Sharon Platt-McDonald worked as a nurse and other roles within the National Health Service (NHS) in the United Kingdom for 26 years, before her call to serve as a leader within the British Union Conference. She has authored many books and resources for the church, and recently talked about her passions, ministry and recent publications.
Tell us about your role as Director of Health, Women’s Ministries and Adventist Community Services at the British Union Conference.
My role is a strategic one. For Health Ministries, I’m involved in teaching and producing materials for members on healthy lifestyle choices and wholistic wellbeing. For Women’s Ministries, the key objective is to equip women to achieve their full potential. It also involves creating environments in which they can thrive. Then with Adventist Community Services, I focus on encouraging members to be part of and reach out to their communities, and making our churches welcoming and relevant to everyone regardless of age, gender, ethnicity, religious persuasion, cultural background or any other difference that distinguishes them.
What led you into this work?
As a young adult, I was influenced by Jesus’ ministry of compassion while He was on Earth. This led me to pursue a career as a registered nurse, midwife and health visitor. I then went into health management and managed nurses, therapists and more for seven years. Although I loved my years with the NHS, there came a point when I felt a desire to work within a Christian environment and began praying that God would open the way. My current role is a result of God’s answer to prayer.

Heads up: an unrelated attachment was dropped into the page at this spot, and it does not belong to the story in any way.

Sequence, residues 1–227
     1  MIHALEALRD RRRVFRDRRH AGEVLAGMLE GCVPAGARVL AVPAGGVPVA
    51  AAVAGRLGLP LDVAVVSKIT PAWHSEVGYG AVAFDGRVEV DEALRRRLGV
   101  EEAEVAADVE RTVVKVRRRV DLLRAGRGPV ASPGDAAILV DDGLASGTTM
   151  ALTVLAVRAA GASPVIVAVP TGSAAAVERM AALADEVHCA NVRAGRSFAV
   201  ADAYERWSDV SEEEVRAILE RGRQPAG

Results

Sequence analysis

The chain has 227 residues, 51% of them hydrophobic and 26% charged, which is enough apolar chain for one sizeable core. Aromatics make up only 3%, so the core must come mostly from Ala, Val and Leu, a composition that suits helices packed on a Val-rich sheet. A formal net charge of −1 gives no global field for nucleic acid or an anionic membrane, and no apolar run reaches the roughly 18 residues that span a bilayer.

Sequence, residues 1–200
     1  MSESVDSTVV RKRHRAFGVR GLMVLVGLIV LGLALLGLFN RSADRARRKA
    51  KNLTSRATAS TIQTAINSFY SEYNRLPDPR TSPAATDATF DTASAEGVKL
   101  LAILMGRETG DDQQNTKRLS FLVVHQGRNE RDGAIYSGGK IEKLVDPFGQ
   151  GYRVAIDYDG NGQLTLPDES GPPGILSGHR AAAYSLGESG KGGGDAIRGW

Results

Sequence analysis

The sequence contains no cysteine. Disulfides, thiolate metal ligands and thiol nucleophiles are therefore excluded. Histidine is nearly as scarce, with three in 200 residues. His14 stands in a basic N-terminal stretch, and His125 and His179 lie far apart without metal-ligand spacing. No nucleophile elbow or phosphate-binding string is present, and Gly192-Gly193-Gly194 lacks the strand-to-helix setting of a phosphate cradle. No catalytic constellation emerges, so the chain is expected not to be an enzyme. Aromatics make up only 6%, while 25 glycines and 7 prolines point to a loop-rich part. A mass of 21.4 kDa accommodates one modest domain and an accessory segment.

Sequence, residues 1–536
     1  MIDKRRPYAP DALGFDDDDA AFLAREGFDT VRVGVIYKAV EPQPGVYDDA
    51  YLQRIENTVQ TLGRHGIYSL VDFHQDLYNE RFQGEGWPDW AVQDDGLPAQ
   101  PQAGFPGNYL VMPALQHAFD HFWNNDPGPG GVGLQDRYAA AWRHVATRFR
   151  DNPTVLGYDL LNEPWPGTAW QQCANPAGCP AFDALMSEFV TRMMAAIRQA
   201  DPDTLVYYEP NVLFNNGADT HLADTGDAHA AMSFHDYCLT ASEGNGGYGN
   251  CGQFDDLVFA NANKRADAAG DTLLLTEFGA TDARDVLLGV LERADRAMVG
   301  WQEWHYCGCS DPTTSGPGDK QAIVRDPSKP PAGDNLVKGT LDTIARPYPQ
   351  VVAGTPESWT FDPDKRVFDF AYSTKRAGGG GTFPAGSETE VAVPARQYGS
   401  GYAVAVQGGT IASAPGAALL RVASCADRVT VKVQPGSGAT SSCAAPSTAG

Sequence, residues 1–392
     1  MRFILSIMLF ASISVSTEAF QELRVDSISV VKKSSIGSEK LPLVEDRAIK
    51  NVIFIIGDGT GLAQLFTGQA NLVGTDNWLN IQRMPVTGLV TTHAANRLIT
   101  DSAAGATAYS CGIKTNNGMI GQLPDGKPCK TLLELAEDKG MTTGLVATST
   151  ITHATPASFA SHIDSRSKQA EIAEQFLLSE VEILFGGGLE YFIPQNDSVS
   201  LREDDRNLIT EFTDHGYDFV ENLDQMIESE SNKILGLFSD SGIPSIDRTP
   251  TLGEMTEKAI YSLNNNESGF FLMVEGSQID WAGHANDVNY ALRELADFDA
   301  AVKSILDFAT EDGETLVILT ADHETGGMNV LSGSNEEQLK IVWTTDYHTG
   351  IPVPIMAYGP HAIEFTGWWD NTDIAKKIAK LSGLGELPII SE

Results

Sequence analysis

I would say that book is a culmination of the life lessons God has taught me through the years. It was also borne out of the life of my late mother, Dorothy Mercilyn Platt, to whom I dedicated the book. I saw Proverbs 31:10–31 lived out in every facet of her life. She was a devout woman of God, faithful wife, outstanding mother and exceptional friend to all who knew her. She was a tremendous inspiration in my life, my work and my ministry.
As you studied Proverbs 31, what spoke most to your heart personally?
Two things were highlighted for me. First, it’s easy to become overwhelmed with the portrait of excellence in Proverbs 31. Growing up, I often heard that every woman had to aspire to be exactly like the Proverbs 31 woman. We were taught that this was the type of woman a good Christian man was looking for—so expectations were high! However, as I studied the passage, I realised it is not about trying to become the “perfect” woman or attempting to do all the things that the woman of Proverbs 31 does so well. It is about embracing all that God has blessed you with, whether little or much, and giving back to Him wholeheartedly in faithful service to those within your sphere of influence. With that understanding, we can manage expectations and be ourselves. Second, it struck me that our priorities are more important than our skills. Regardless of all that she does so superbly, it is the woman’s fear of God for which she is praised most (Proverbs 31:30).
What is your hope for women in the Adventist church?
There are four areas where I hope we can invest in women’s lives: (1) spiritual development, (2) involvement in mission activities, including social action, justice and evangelism, (3) empowerment of leaders and (4) encouraging inclusion of women in church life.
What drives you to write? What issues do you hope to address through your writing?
I’m passionate about sharing the message of health, hope and healing: aspiring to optimum health through balanced lifestyle practices; developing a positive mindset, which includes embracing hope; and accessing interventions to aid in recovery, healing and restoration. I believe that as we follow Divine directives for emotional, physical, spiritual and social wellbeing, we will positively impact others and bring glory to God.
Women of Virtue and other books by Sharon Platt-McDonald are available from Adventist bookshops in Australia and New Zealand, or online.